“Masculine depression” (also called male depression and a variety of other terms), is characterized by more symptoms of anger, aggression, risk taking, and substance abuse than tend to occur in women. These symptoms are examples of “externalizing features”. They serve to express a person’s emotions in an outward, active way. “Internalizing features” of depression are identified by retreating into one’s self, such as by ruminating, engaging in negative self-talk, and isolating from others.

New Self-Report Scales

To investigate the efficacy of adjusted self-report scales at identifying depression in men, researchers created the Gender Inclusive Depression Scale (GIDS) using two other male depression scales validated with small cohorts. When symptoms of masculine depression – the externalizing features – are included in a traditional diagnostic survey, the rates of depression diagnoses among men and women are not significantly different (7). In other words, the gender differences disappear. Another scale, the Male Depression Risk Scale (8), measures emotion suppression, drug use, alcohol use, anger and aggression, somatic symptoms, and risk-taking. The sensitivity of the MDRS is similar to that of the PHQ-9 in recent suicide attempt identification (9).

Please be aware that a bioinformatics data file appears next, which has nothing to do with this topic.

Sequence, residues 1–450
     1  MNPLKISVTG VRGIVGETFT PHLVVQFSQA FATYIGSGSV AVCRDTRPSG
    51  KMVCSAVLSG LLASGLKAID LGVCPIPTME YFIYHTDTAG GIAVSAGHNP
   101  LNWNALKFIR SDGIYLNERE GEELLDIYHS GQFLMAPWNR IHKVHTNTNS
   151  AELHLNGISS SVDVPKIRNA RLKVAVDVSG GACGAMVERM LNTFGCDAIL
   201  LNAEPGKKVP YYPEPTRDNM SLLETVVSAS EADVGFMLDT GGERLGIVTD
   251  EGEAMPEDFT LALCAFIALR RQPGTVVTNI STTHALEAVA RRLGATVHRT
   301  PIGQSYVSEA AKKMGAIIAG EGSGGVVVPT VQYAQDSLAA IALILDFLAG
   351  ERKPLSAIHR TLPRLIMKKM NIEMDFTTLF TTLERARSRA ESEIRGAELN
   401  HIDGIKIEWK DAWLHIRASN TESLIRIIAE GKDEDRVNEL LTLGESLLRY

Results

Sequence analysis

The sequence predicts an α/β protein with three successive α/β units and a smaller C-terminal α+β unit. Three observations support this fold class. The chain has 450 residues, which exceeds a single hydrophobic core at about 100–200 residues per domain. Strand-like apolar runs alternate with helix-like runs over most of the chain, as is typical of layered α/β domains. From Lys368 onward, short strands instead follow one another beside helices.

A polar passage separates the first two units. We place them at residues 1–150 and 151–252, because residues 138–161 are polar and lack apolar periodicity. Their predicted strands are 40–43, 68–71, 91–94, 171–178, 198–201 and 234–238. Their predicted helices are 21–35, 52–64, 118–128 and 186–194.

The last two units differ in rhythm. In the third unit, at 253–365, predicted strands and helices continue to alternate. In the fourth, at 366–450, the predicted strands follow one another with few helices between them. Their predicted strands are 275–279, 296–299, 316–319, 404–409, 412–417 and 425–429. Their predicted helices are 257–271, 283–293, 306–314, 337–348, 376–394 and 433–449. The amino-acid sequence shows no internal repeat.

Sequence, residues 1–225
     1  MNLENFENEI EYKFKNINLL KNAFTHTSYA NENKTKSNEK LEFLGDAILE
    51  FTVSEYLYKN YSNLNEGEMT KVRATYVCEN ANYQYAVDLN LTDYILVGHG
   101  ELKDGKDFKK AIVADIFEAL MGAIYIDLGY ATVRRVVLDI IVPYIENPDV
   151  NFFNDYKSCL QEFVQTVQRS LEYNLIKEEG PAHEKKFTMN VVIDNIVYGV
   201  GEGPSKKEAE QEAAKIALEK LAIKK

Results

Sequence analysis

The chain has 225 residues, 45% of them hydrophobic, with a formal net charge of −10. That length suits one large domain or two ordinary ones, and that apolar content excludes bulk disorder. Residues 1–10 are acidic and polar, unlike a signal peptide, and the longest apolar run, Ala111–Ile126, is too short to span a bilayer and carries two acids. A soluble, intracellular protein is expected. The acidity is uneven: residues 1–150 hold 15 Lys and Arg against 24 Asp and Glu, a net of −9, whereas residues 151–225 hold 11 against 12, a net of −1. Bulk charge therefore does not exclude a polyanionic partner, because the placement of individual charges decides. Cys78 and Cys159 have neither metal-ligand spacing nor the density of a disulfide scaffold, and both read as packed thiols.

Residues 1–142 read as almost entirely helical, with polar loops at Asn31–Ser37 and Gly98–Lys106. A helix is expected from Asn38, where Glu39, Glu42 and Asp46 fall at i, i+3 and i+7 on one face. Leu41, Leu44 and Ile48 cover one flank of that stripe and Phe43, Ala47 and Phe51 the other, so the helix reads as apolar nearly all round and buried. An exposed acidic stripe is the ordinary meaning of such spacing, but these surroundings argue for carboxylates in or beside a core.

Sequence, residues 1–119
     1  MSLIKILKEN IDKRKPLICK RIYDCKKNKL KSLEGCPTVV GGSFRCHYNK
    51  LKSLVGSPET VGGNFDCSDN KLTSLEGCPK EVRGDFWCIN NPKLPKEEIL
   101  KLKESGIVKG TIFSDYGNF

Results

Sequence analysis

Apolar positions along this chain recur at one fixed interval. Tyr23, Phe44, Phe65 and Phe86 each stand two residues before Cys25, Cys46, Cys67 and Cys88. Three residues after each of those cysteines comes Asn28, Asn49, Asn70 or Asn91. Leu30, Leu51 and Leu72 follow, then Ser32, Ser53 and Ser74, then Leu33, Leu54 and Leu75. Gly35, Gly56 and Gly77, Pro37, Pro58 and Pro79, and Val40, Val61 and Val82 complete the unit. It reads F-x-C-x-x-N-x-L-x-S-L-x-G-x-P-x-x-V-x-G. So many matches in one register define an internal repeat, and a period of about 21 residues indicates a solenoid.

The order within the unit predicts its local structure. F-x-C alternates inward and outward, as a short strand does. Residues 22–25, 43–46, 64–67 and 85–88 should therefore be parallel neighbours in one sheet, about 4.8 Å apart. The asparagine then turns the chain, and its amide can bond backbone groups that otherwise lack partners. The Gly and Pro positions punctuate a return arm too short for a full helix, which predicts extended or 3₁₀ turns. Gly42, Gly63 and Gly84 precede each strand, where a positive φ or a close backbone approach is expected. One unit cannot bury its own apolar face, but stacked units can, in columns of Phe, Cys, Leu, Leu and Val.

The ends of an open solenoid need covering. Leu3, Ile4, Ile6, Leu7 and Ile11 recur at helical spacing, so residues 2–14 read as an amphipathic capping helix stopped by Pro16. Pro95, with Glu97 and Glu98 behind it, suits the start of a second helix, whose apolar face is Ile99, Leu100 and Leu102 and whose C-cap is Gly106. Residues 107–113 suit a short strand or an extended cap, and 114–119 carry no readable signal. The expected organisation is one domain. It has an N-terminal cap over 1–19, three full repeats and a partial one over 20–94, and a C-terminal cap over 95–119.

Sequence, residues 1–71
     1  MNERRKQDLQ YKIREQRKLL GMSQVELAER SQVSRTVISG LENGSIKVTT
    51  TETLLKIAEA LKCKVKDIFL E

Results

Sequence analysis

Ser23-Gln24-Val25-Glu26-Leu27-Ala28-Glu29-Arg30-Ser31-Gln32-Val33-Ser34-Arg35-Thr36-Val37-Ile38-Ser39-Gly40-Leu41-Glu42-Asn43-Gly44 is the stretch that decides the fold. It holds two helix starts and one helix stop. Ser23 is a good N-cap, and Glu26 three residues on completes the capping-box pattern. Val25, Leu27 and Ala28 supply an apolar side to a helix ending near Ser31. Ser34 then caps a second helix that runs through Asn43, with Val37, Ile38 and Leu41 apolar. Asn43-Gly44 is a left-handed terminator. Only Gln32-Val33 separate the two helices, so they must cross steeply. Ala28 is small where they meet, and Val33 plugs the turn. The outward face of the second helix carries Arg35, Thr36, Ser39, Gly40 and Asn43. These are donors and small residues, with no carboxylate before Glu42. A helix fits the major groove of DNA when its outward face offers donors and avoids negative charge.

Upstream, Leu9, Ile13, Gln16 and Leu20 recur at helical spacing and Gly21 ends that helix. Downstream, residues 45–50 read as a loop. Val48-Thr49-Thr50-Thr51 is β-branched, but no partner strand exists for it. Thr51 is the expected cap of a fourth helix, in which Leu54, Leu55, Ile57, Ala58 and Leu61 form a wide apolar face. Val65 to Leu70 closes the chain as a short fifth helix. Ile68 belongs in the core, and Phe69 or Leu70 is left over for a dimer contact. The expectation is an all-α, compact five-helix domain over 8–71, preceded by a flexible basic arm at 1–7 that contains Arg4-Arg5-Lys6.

Why is Depression in Men Sometimes Different?

To be clear, it’s a continuum; many men are diagnosed with depression using traditional questionnaires. But for the ones who aren’t, the answer is probably based in gender norms. Men who have depression and who identify with traditional ideals of masculinity are more likely to experience masculine depression symptoms (4). In a society that has traditionally viewed men who express sadness as “weak” or “feminine”, it makes sense that some men display their depression as anger or attempt to cope with it through substances. Sadly, it’s more socially acceptable for men to express anger than sadness, self-doubt, or anxiety.